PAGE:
Breaking Through the Perfectionist Paralysis
At the beginning of 2020 I was writing, a lot. I was happily publishing away on Medium, getting my curations and claps, and thinking that I had it made. Then, as we all know, the pandemic struck, and life changed dramatically. Initially, I thought “Ok, this might not be so bad, I’ll probably do even MORE writing now that I’m stuck at home and can’t go anywhere.” And that was true, at first.
But, a couple of weeks into the pandemic my writing fell off a cliff. As things became more serious, I was struck with this problem. Either I write about the pandemic, which I definitely didn’t want to do because I’m not in the medical field, or I write about something else - but everything else seemed completely silly. I became paralyzed because it felt like no matter what I wrote, it wouldn’t be important enough.
I dug myself into a hole. The longer I went without writing the harder it seemed to get back to it. I went from writing every day in February to barely writing a word for all of March. I was scared, disappointed, and depressed. The pressure to write something really important felt so overwhelming, I just didn’t write anything.
For weeks I’ve had my to-do lists. Mop the kitchen floor, check. Fold the laundry, check. Create a menu and do the grocery shopping, check. Sew some masks, attend a zoom meeting, teach a class, check, check, check. But for weeks there’s been this one annoying bullet point, that kept getting moved to the next day and the next day.
Write a blog post.
No checkmark. Day after day, that goal just sat there and taunted me.
But, last week, something shifted. I realized that in order to crawl back out of this hole, I would need to take tiny, almost imperceptible steps. Rather than “write a blog post” I was going to break that goal down into the most steps possible, and then only do one a day. I would make them so simple that they couldn’t feel overwhelming. Here’s the list I created:
Day 1: Set aside some time each day to work on it
Day 2: Brainstorm topics
Day 3: Under each topic, come up with at least 3 ideas for posts
Day 4: Choose an idea and do some research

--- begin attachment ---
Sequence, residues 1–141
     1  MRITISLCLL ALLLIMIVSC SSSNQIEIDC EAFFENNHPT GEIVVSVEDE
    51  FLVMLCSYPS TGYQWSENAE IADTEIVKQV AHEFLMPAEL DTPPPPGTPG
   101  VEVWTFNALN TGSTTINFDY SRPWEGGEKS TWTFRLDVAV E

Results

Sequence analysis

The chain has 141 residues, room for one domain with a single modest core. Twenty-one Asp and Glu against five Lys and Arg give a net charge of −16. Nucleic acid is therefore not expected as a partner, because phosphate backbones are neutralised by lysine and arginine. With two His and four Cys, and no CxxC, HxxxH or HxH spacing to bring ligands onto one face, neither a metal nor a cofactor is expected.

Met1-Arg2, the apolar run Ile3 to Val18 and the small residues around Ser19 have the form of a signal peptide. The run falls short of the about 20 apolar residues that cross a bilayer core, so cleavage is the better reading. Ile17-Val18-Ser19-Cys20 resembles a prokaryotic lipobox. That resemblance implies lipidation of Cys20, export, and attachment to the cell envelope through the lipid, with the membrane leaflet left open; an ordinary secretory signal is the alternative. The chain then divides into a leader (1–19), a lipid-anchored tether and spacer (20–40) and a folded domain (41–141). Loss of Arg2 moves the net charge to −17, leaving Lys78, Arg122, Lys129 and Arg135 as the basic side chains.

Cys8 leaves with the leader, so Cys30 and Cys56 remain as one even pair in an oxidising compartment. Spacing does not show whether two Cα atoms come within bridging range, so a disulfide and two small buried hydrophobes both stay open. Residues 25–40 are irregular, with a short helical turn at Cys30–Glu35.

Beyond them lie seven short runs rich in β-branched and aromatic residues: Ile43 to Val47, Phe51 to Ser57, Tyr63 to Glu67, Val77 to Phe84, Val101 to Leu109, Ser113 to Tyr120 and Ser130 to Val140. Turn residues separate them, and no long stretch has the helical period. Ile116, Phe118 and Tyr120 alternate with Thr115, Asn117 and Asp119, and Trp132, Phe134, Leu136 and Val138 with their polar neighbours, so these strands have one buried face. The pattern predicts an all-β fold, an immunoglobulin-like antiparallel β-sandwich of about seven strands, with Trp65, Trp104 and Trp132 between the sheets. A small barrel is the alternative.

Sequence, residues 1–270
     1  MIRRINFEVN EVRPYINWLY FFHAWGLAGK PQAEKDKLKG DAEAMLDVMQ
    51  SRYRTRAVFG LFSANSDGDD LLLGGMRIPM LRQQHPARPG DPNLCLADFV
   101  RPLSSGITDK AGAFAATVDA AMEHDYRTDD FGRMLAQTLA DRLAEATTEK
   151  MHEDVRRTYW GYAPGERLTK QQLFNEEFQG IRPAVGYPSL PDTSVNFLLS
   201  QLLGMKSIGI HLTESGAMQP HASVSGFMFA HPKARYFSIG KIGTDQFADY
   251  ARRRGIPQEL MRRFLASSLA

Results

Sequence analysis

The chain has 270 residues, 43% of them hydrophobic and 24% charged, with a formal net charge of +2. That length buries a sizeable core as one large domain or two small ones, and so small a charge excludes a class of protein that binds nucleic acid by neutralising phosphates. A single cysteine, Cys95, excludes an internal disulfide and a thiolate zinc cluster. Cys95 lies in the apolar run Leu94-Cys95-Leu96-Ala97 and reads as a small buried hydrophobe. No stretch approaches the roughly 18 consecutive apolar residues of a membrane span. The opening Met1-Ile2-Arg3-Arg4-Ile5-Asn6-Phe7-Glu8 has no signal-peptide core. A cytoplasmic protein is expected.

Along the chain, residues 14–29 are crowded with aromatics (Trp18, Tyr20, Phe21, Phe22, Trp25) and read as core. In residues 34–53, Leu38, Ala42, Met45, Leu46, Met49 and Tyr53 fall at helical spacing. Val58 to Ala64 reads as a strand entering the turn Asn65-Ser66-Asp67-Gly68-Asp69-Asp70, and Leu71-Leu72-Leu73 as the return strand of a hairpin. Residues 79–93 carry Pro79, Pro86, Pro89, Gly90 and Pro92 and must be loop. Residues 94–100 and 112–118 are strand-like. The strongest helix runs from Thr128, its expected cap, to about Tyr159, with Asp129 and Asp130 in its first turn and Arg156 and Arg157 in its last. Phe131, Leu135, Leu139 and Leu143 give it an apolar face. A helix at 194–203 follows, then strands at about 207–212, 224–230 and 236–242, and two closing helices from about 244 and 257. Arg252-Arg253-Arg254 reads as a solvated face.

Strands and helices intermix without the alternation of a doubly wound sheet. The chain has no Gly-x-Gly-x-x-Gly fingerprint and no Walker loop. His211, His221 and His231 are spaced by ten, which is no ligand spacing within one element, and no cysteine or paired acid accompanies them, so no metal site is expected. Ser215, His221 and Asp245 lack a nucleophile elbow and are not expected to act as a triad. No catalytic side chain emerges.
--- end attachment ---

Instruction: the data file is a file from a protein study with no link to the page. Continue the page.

Day 5: Create an outline
Day 6: Write the first draft of the post
Day 7: Print out the first draft and edit by hand
Day 8: Rewrite
Day 9: Write at least 20 titles
Day 10: Add links if needed, SEO, photo, CTA, and title
Day 11: Publish!
Day 12: Promote the post — create Pinterest graphic, Instagram post, post to LinkedIn or Facebook
Yes, step one was to just figure out how much time I was going to spend and when. That’s it. And yes, the first day, that was all I did. I just told myself, after my morning routine, I’m going to spend an hour a day on this, so that day, I took this list and created a schedule. I told myself I could take 12 days to complete it if I wanted to.
The next day, I didn’t even have to come up with what to write, I was just brainstorming topics. Not even actual pieces, just topics. That felt easy-peasy. I know what topics I like to write about. Before I knew it steps one and two were done.
As I completed each step, if I started feeling anxious, I’d remind myself that all I had to do that day was that one thing. For example, I was working on an essay about journaling, and after I did my rewrite, I immediately started thinking, “I should write the titles today,” and started to feel that familiar dread, that creeping overwhelm. If you’re a perfectionist, you know it well, your mind starts going not to the next step but ten steps ahead, and all the things that could wrong.
I reminded myself, “I don’t have to do that today, I’ve already finished my work for the day. And if I do decide to move on to the next step today, all I have to do is write a list of titles, I don’t have to pick one.” That instantly made me feel better.
(By the way, writing 20 titles for one article may sound like madness. Believe it or not, this is also a perfectionism buster. It’s a technique I learned from Marie Forleo and I assure you, it’s gold! Twenty is such a crazy number that you just end up writing all kinds of stuff, not trying so hard to write the perfect title, and by the end of it, you’ve got a good one. And it really doesn’t take that long once you get the hang of it.)
Do I think that it’s going to take me twelve days now to write a post? No. The first three steps aren’t necessary now, and I started to combine them once I got some momentum going. I’m sure that this whole process will be abbreviated and down to a couple of days again soon. The purpose of this was just to get me out of that hole. And it’s worked! Having small, low stakes goals can be incredibly helpful when that perfectionist devil is taunting you.
Good luck everyone, and if you’re in a writing hole, know you’re not alone. We’ll get through this though, and I’m sure we’ll be stronger for it in the end.